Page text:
Aurora Energy is offering an improved landscaping plan and
less reflective paint for an electricity substation it wants
to build near the Hawea Whitewater Park in Camphill Rd, Hawea
Hawea River kayakers and mountain bikers were among those who
made submissions against the Dunedin City Council-owned
energy company's proposal at a notice of requirement hearing
on July 24.
For the two kayaking organisations, landscape architect Anne
Steven submitted the substation was an ''industrial-type''
facility that would be visible from the river corridor and
silhouetted against the sky.
''This would compromise the natural and open characteristics
of the river margins.''
She considered the substation would detract from the ambience
of the river corridor and would impact on the recreational
enjoyment of the whitewater park.
''It is not possible to mitigate the substation in this
location and to ensure that it is in harmony with the
Low-level planting might ''soften the edges'' but would do
nothing to limit the impact of ''the bulk, height and density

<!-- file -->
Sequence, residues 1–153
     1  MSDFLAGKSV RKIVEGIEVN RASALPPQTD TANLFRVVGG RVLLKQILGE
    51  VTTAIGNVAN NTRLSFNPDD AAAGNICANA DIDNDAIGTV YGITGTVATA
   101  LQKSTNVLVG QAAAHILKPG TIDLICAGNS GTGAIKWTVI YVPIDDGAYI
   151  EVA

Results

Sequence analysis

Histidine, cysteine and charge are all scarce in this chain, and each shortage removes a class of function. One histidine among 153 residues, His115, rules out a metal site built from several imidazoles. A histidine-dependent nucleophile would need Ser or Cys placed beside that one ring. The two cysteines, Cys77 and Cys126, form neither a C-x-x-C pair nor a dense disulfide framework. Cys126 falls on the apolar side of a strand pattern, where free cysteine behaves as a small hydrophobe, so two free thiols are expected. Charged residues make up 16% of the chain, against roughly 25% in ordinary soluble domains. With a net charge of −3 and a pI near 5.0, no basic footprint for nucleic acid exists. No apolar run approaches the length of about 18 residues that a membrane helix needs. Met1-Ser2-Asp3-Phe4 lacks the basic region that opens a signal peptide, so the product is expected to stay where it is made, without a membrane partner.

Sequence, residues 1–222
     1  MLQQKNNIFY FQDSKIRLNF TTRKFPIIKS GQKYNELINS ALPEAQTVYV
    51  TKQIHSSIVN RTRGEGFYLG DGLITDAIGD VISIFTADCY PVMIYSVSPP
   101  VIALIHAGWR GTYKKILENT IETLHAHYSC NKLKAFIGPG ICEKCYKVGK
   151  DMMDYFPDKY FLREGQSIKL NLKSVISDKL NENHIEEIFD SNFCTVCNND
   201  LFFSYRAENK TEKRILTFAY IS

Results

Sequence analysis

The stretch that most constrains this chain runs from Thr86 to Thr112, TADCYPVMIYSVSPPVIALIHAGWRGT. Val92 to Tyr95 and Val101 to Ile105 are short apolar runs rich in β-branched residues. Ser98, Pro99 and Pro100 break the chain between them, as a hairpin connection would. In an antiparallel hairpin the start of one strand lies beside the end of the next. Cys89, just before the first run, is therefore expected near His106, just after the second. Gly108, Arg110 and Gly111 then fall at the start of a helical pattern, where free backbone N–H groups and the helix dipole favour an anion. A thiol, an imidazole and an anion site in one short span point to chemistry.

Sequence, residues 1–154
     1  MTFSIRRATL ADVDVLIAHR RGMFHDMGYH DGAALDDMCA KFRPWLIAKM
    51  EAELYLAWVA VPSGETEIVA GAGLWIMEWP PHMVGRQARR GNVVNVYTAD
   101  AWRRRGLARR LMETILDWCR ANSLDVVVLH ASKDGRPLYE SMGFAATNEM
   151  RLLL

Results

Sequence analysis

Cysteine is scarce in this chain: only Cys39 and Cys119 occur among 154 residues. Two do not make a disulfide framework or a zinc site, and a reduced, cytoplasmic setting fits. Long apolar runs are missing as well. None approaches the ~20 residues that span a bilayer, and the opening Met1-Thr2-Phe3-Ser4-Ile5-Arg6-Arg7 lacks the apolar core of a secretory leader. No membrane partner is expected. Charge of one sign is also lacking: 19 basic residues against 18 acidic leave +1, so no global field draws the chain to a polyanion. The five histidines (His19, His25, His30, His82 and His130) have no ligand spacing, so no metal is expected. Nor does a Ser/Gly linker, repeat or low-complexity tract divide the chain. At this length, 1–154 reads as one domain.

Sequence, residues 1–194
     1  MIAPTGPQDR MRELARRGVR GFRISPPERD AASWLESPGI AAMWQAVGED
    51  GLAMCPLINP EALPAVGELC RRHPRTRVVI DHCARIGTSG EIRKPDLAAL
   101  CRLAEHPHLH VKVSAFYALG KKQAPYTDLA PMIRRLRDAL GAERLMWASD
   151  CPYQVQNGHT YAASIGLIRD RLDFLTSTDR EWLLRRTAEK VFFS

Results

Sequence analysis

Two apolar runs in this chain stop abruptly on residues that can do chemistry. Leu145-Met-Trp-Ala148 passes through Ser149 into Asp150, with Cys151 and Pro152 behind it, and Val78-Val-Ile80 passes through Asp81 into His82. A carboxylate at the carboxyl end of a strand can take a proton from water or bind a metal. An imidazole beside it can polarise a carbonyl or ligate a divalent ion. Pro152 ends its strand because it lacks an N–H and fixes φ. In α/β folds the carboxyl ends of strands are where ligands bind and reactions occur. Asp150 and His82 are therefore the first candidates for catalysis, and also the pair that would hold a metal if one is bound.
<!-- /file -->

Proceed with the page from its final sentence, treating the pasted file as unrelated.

of the structures and associated lighting''.
She called for Aurora to find an alternative site.
On Friday, Aurora responded to points raised at the hearing
with a right-of-reply by counsel Bridget Irving.
Ms Irving pointed out the site for the substation was not
within the ''outstanding natural feature'' of the river or
the river landscape.
She submitted a court decision about wind turbines visible
from within the National Park and Rangipo Desert was
The court in that case said: ''We do not consider that
visibility of itself is an adverse effect.''
The court considered the sight of the turbines would not
diminish ''the quality of the outstanding features and
landscapes within the park or diminish the experience of
visitors to them''.
Ms Irving submitted the same conclusion could be drawn about
''Whilst people may be able to see parts of the proposed
development from the river and its margins, this is not an
adverse effect in and of itself.''
In response to submissions presented at the hearing, Aurora
had engaged a specialist in revegetation and revised its
''Aurora is offering a comprehensive suite of performance
standards to ensure that the desired level of screening is
achieved within a reasonable time frame,'' Ms Irving said.
It had also ''reconsidered'' its position on a shelter belt
and was offering to minimise the reflectivity of support
structures for high voltage equipment, which were the main
visual elements within the yard.
Ms Irving said the substation would have positive effects for
the Hawea area and although the council could set conditions,
it could not decline consent for the substation.